The next time you’re in a crowded space — at the mall filled with holiday shoppers, at a football game, in a busy restaurant — take a look around and consider this: In the people you’re observing, about one in every four has a disease called NAFLD.
Even more disturbing — most of them have no idea they have it because they have no symptoms. In fact, most of them have probably never even heard of it.
And finally, what’s MOST disturbing, is that you might be included in that one-in-four. And that’s no small matter, because full blown NAFLD sharply increases risk of type 2 diabetes, liver cancer, and heart disease.
That’s pretty daunting. But there are two things you can do to avoid NAFLD, or — if you already have it — reverse it’s progression.
The true epidemic
NAFLD is nonalcoholic fatty liver disease.
It begins slowly, as fat accumulation in the liver. Then it becomes complicated by inflammation. Then liver scar tissue develops. Beyond that, the disease can play out in a number of different ways, as I mentioned above — all of them potentially deadly.
Fatty liver disease was thought to be strictly a disease of alcoholism for most of the 20th century. But when obesity was first recognized as a mounting problem in the 1970s, doctors began to make the obesity/FLD connection and eventually added the designation of “nonalcoholic.”
This is the true epidemic behind the obesity “epidemic.”
In a recent study, researchers tested vitamin E and metformin (a diabetes drug) on patients with NAFLD. Neither the drug nor the vitamin supplement had much effect.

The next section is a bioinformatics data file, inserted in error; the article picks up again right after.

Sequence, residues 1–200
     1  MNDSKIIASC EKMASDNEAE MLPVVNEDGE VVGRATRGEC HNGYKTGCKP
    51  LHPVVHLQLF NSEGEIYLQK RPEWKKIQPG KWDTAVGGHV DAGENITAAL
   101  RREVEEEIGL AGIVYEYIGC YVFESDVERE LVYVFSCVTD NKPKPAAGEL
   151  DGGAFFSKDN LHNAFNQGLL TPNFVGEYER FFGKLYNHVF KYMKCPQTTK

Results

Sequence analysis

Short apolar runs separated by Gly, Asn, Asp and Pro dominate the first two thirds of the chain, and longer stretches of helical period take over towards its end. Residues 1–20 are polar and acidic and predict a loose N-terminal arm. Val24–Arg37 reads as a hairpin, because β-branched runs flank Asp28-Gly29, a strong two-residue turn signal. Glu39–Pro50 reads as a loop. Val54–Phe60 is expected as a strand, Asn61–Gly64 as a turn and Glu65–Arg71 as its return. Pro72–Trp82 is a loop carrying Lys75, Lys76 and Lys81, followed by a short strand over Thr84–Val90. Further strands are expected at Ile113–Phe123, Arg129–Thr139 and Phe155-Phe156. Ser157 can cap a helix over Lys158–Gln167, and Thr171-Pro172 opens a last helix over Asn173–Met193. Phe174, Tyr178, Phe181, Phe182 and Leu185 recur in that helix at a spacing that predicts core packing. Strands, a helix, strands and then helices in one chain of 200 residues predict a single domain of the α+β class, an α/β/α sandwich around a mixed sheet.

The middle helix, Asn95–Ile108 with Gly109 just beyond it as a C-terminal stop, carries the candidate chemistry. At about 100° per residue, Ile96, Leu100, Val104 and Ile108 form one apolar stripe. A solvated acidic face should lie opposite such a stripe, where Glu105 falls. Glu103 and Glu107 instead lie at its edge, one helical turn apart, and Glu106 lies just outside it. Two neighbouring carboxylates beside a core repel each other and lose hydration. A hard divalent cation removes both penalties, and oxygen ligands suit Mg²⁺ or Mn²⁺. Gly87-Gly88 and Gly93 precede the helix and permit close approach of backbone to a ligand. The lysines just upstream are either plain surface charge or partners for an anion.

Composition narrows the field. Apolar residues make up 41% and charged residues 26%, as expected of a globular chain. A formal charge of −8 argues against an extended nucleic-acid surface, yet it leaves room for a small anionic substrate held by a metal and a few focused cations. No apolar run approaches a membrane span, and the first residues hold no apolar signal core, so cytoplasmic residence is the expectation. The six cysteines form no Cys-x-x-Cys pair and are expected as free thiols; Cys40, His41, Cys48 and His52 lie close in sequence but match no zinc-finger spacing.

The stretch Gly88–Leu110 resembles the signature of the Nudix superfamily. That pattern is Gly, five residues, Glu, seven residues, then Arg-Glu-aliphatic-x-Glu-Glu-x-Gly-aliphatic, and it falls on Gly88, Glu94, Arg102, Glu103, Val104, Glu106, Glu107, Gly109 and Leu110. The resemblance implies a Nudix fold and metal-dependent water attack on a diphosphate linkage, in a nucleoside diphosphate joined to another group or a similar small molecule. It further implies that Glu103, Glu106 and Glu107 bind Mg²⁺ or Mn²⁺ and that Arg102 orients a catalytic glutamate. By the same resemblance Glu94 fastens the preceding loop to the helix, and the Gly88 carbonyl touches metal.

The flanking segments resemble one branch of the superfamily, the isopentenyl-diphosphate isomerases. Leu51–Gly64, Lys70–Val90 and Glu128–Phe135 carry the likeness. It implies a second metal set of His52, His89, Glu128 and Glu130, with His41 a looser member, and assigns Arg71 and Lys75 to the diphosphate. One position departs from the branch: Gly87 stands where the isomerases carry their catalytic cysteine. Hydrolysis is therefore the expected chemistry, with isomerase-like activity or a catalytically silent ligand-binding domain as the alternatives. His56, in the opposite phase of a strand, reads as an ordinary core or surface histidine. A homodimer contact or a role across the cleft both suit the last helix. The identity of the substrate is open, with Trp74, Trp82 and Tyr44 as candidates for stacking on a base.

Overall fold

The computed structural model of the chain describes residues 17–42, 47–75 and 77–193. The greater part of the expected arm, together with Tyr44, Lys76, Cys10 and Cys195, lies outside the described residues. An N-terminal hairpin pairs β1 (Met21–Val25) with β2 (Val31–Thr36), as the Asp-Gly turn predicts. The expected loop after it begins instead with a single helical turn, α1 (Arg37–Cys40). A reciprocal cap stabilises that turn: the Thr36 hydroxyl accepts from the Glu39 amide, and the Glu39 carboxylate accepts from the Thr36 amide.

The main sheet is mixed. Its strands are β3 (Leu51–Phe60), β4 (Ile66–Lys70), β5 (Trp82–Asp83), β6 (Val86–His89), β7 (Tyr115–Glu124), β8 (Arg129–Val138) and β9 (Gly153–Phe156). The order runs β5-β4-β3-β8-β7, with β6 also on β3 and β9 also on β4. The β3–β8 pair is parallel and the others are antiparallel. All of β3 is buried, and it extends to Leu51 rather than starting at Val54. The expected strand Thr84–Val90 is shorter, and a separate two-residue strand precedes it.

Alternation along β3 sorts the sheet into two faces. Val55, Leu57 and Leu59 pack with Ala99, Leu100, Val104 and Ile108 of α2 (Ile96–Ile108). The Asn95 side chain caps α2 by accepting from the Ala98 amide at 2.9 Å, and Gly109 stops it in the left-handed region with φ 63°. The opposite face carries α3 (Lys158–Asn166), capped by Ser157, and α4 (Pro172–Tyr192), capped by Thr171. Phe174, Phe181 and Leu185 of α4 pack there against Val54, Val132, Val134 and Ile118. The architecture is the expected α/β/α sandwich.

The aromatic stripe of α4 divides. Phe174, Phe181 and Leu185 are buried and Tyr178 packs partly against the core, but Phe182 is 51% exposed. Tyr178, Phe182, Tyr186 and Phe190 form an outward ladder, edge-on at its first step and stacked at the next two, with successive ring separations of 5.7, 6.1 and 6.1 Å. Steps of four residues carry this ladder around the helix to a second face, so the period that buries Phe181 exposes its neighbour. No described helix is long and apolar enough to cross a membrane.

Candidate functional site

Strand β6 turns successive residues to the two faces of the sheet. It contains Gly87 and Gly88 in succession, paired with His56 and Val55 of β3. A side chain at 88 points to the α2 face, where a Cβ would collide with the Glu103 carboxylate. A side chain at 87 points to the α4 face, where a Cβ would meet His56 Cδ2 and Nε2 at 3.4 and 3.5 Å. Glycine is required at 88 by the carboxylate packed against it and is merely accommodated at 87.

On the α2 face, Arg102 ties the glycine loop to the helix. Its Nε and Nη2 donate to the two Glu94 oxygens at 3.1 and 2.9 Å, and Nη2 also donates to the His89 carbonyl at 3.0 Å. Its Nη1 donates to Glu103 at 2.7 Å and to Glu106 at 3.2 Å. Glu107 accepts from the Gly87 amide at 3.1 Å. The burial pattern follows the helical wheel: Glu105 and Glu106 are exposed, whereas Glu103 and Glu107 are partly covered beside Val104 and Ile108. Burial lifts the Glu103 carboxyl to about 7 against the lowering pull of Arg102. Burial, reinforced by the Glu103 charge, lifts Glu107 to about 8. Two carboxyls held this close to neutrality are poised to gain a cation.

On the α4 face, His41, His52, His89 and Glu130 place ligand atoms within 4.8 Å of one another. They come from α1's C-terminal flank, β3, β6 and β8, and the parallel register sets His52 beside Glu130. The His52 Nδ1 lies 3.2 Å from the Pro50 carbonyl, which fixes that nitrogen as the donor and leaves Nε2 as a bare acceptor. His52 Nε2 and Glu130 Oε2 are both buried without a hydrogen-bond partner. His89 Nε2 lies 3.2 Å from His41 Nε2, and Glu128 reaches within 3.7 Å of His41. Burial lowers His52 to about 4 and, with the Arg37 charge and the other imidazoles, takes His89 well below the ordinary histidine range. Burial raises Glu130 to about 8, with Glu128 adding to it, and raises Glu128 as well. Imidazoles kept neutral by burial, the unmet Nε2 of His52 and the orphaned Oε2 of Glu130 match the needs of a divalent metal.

Dr. Spreen sent me that study along with this note: “The nutrient CURE for non-alcoholic fatty liver has been known for over 80 years, and it was discovered during conventional diabetes research! So, anyone wanting to study something really legitimate along this line could have done a 10-second Medline search and come up with the prime nutrient candidate (which is a member of the B-complex family, not E).”
That B-family “prime nutrient candidate” is choline.
One of the best sources of choline is egg yolks. And, of course, for many years, mainstream nutritionists went mad and foolishly equated eggs with poison because they contained cholesterol. So while millions of people avoided eggs for a couple of decades, quite a few people became obese — ironically avoiding the very food that could help curb obesity-driven NAFLD.
Along with that vitamin E study, Dr. Spreen included a recent article published by the Weston A. Price Foundation. In the article, Chris Masterjohn calls NAFLD an epidemic of nutritional imbalance.
He writes: “It is likely caused by the overabundance of calorie-rich, nutrient-poor refined foods and the banishment of traditional sources of choline like liver and egg yolks from the modern American menu.”
In addition to reducing NAFLD risk, choline also checks the rise of homocysteine (the amino acid that promotes artery plaque buildup), facilitates memory storage, muscle control, and kidney function, prevents fatigue and insomnia, and helps maintain healthy cell membranes.
Your multivitamin may contain choline — many do — but chances are the dose doesn’t approach the recommended adequate intake of 425 mg per day for women and 550 mg per day for men.
But increasing your intake of choline is simple. Just eat more foods that contain the vitamin.
In addition to eggs and liver, choline is also found in wheat germ, cod, salmon, broccoli, bacon, shrimp, pistachios, Brussels sprouts, and flaxseed.
Much less simple, but just as important, is the required change in eating habits — cutting back on calorie-rich, nutrient-poor refined foods.
“Effect of Vitamin E or Metformin for Treatment of Nonalcoholic Fatty Liver Disease in Children and Adolescents” Journal of the American Medical Association, Vol. 305, No. 16, 4/27/11, jama.ama-assn.org
“A Silent Epidemic of Nutritional Imbalance” Chris Masterjohn, Weston A. Price Foundation, 4/1/11, westonaprice.org